25 June 1999
Reports - Tourism (Good)
Space Tourism Industry Reaches Critical Mass
STA "Going Public" conference featured heavy hitters from many industries
by Sam Coniglio
Over 100 people from around the world gathered at the Space Transportation Association's "Going Public" Space Tourism conference in Washington, D.C. to learn more about the issues inhibiting space tourism from becoming a viable endeavor.

Many non-aerospace people were speakers at the event. Jerry Mallet, founder of the Adventure Travel Society, gave the audience stunning figures about the rapidly growing adventure tourism segment. One big surprise: women are the majority participants in adventure tourist activities. For the traditionally male-dominated aerospace industry, this revelation was a shock. It makes us realize how little we really know about tourism.

The big three inhibitors to space tourism that were reiterated time and again are: marketing, finance, and regulations. Ivan Bekey analyzed the results of the existing marketing data, but admitted that one data point does not make for good market research. That data point was the the Japanese reporter's trip to the Russian space station MIR in 1992.

The general consensus was that technology is not the problem, but money. "With enought money, anything is possible," said Chuck Lauer. Several groups discussed investors and finding capitol, but they all agreed it would be difficult to get support for an unproven market.

Reliability and safety were also big issues. How often do you test a vehicle until is it safe to carry passengers? Ten times? A Thousand times? A million times? New aircraft testing, for example, costs ten times more than the cost to build a prototype. No space startup can afford such a huge expenditure of cash.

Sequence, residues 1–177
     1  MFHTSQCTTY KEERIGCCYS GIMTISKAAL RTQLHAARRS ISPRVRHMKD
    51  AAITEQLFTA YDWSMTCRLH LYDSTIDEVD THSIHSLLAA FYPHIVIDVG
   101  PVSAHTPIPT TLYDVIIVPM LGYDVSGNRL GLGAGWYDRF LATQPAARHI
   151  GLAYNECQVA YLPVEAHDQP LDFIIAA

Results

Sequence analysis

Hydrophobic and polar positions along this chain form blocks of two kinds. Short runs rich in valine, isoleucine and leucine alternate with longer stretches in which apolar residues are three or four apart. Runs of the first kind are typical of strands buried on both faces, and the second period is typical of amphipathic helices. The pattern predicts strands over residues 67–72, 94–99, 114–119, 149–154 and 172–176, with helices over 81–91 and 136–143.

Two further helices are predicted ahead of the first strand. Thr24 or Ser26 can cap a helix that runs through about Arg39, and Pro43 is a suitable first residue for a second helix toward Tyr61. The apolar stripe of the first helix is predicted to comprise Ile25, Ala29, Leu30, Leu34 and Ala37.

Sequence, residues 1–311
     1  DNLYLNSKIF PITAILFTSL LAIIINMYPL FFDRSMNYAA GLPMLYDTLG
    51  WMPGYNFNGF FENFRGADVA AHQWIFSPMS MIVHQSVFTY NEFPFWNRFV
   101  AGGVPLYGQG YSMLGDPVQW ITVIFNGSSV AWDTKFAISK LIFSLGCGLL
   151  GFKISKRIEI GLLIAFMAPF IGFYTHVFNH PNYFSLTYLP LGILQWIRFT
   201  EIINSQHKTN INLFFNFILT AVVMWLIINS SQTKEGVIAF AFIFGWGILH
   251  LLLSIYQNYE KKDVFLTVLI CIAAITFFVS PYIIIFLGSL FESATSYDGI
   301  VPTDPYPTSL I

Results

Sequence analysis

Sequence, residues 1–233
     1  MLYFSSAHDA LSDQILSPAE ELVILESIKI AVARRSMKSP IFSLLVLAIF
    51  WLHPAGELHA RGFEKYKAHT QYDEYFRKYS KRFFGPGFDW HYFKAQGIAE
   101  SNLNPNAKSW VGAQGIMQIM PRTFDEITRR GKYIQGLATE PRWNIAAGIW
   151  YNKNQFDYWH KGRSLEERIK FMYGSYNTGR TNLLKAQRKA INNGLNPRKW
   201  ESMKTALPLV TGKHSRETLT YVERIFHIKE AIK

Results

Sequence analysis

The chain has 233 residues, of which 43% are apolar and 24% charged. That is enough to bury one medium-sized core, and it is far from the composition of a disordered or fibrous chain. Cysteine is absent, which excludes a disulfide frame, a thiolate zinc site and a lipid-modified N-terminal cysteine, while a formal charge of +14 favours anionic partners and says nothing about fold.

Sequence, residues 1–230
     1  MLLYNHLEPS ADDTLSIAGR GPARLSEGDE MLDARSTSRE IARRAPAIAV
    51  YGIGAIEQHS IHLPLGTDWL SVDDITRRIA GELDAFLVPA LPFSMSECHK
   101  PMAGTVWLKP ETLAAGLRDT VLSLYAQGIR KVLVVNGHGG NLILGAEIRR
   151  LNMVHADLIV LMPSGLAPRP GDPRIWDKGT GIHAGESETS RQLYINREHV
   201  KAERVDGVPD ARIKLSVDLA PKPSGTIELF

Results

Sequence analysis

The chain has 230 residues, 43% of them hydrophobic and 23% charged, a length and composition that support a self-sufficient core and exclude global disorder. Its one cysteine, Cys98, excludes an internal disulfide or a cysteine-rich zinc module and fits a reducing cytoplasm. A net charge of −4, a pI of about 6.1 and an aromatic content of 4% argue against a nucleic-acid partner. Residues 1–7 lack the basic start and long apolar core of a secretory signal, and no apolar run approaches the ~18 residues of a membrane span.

Brian Husting, from the architectural firm Wimberly Allison Tong & Goo described the creature comfort issues he deals with every time he designs a hotel. Issues such as color, personal space, multi-use facilities, boredom, sports, dining, drinking, gambling, and many others were discussed.

Overall, the STA did a wonderful job of assembling a top notch group of speakers. The presence of Robert Bigelow, multi-millionare hotel chain owner and founder of Bigelow Aerospace also helped bring this event to a level never before seen.

The Space Tourism industry has just moved up a notch. Legitimacy and real businesses are closer to reality.
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Sam Coniglio 25 June 1999
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